A more efficient form of latency? HHV-6A persistence depends on telomeric repeats, not circular episomes

In ciHHV-6, Genes & Proteins by Kristin Loomis

Most herpesviruses maintain latency by forming circular episomes in the nucleus of the cell. Investigators in Germany have provided further evidence that HHV-6A relies on their telomeres, not circular episomes, to maintain a persistent latent infection by integrating into the host chromosome. HHV-6A genomes missing their telomeric repeats could replicate but they could not enter latency.

Investigators led by Benedikt Kaufer at the Freie Universität in Berlin created a mutant HHV-6A virus that lacked the telomeric repeats. They found that the virus could replicate well without the repeats, but the defective virus was not able to integrate and was quickly lost. The authors also revealed the mechanism by which HHV-6 integrates, which was previously unknown.

In addition to HHV-6A, 16 other herpesviruses have telomeric repeats at the tips of their chromosomes that could permit chromosomal integration. This has only been confirmed for three: Marek’s, HHV-6A, and HHV-6B. There was also a recent report of rare HHV-7 chromosomal integration.

Roseoloviruses are the only human herpesvirsuses with telomeric repeats capable of chromosomal integration. The best studied herpesvirus with this capability is Marek’s disease virus, a highly oncogenic alpha herpesvirus that infects chickens. Integration of Marek’s virus is a prerequisite for lymphoma formation in the chicken.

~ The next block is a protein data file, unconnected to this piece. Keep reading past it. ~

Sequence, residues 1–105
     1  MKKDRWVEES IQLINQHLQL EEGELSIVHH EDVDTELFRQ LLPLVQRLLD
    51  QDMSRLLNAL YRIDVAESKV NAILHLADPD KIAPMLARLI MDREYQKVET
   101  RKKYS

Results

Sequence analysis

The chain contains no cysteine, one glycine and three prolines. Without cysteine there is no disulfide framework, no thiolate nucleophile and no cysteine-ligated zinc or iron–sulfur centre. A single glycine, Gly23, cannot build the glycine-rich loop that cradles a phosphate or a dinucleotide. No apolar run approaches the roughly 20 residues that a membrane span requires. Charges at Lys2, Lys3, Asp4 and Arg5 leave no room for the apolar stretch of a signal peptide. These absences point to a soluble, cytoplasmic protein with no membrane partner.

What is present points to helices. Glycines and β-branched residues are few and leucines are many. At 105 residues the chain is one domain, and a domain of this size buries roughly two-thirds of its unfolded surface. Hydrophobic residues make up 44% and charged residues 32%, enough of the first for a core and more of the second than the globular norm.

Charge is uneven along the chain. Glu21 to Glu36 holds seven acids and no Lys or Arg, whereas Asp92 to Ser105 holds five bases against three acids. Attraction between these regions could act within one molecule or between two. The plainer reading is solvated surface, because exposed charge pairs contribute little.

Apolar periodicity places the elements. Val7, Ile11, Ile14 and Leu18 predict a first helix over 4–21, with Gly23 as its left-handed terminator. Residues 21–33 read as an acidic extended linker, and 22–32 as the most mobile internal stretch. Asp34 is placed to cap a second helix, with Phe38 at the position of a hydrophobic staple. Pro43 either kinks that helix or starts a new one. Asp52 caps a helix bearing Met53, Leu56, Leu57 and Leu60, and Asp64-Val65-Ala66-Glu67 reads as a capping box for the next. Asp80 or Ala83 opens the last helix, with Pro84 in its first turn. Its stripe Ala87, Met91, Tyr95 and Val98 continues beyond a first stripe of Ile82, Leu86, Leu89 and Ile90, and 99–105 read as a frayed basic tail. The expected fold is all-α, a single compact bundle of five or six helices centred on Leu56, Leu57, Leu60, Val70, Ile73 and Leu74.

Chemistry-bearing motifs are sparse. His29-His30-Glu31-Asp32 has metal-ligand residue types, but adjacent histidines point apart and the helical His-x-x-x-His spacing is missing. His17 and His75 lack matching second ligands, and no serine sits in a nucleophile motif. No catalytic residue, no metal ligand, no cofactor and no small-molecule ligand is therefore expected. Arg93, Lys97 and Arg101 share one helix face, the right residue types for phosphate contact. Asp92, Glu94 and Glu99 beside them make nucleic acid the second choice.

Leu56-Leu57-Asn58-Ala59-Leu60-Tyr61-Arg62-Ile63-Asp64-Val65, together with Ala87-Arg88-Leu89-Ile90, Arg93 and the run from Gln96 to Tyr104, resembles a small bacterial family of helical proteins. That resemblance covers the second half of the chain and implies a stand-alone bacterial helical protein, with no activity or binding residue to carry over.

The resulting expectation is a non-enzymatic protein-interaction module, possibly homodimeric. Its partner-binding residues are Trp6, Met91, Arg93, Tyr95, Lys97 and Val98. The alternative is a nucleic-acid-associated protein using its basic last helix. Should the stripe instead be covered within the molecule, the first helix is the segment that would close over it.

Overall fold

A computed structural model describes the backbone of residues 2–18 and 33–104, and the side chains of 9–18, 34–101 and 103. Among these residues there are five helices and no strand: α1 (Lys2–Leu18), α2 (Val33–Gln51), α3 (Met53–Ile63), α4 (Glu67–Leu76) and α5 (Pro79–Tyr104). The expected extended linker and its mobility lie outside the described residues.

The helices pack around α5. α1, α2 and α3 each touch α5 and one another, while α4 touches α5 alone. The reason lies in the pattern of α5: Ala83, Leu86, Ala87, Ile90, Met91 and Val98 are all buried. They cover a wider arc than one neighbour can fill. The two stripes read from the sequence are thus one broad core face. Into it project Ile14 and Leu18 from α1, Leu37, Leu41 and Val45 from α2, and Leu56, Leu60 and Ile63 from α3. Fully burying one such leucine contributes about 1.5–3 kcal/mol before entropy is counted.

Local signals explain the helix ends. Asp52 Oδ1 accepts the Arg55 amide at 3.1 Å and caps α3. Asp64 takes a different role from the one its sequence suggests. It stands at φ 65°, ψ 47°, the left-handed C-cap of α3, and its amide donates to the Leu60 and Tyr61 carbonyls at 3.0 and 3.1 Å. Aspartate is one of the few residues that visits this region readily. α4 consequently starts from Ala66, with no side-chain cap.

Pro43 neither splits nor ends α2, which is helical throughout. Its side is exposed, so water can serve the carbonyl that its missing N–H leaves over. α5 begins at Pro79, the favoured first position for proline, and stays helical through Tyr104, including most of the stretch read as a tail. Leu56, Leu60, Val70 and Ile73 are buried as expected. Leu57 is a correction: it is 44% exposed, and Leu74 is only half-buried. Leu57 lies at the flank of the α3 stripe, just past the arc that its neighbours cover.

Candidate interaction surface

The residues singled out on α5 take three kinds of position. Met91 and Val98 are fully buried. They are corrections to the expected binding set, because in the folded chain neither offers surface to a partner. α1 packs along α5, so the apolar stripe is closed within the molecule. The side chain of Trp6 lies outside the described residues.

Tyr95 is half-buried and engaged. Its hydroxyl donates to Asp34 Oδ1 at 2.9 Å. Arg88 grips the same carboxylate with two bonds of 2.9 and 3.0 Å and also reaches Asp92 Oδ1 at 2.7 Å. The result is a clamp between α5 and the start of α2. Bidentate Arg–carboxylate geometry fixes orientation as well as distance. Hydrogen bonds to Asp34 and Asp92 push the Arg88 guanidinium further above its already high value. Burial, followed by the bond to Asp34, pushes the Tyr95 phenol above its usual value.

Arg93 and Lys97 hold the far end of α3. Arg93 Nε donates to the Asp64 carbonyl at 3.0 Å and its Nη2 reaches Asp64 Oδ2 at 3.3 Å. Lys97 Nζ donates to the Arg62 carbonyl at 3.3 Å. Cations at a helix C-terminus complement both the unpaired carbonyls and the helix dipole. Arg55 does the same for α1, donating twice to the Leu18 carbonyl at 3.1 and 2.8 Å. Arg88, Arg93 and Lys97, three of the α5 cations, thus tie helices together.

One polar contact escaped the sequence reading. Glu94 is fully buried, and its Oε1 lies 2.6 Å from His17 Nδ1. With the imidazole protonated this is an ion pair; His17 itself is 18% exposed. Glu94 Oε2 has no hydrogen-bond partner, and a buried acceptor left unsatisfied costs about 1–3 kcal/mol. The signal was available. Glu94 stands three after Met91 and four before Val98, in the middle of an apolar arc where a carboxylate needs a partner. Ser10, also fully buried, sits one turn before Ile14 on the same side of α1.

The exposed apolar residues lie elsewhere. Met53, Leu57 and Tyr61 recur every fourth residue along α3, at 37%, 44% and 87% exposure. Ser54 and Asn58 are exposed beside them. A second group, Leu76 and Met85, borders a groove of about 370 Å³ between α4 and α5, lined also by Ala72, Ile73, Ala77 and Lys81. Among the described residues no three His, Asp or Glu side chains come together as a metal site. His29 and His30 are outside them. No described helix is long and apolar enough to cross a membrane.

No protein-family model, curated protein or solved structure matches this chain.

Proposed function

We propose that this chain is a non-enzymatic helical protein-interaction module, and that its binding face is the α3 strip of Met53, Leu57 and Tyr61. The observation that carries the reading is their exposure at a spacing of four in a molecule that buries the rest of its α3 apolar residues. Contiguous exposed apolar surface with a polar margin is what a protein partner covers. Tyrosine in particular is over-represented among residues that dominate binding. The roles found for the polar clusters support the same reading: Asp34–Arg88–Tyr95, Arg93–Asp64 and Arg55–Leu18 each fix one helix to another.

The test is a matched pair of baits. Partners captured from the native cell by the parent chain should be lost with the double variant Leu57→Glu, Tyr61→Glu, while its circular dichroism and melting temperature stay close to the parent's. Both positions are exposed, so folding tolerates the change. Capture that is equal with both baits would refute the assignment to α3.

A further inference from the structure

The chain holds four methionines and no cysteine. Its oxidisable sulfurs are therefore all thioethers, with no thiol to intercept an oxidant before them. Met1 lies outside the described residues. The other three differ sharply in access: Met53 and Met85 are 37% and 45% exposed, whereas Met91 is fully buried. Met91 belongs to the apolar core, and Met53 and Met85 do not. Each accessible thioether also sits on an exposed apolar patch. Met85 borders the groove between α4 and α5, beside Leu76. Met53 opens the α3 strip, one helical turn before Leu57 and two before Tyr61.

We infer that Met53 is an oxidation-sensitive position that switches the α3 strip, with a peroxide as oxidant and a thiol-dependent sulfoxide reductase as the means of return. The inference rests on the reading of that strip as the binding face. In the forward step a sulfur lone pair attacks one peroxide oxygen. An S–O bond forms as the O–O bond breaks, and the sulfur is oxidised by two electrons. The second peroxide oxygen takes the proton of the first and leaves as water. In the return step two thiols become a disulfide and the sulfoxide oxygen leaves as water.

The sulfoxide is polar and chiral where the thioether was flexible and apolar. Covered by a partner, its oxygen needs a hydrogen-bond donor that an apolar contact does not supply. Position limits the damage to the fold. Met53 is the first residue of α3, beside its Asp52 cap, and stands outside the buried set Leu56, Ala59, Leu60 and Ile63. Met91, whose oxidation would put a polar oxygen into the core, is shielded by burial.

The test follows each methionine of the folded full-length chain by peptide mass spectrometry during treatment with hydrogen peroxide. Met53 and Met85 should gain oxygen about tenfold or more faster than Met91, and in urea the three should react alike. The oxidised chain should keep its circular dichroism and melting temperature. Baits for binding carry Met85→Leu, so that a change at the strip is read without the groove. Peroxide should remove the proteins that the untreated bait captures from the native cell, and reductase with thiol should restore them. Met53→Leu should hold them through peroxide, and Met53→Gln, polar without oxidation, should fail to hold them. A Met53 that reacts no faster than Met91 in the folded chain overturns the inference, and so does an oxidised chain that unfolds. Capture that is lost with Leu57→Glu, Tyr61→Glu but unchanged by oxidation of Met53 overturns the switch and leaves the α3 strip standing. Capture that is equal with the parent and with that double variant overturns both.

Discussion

The investigators provided conclusive evidence to support previous reports that whether it is inherited (iciHHV-6) or community acquired, HHV-6 uses its telomeres to facilitate reactivation from latency. The authors note that integration not only provides a stable environment for HHV-6A persistence, it permits a more efficient mobilization out of a latent state during reactivation (Kaufer 2011).

Benedikt Kaufer, Associate Professor Freie University, Berlin, Germany

HHV-6 is the first herpesvirus to reactivate after immunosuppression and also the most prevalent herpesvirus infection in the cord and stem cell transplantation settings.  In one Japanese study that used a multiplex assay to study 13 common viruses in stem cell transplant patients weekly, 20% had HHV-6B reactivations by 14 days, and over 40% had reactivated by 21 days, whereas significant CMV and EBV infections did not occur until after 28 days (Inazawa 2015). Could this be due in part to their uniquely efficient form of latency?

The authors point out that much work remains to be done to fully understand the mechanisms of integration and maintenance of cells latently infected with integrated herpesvirus.

Read the full paper: Wallaschek 2017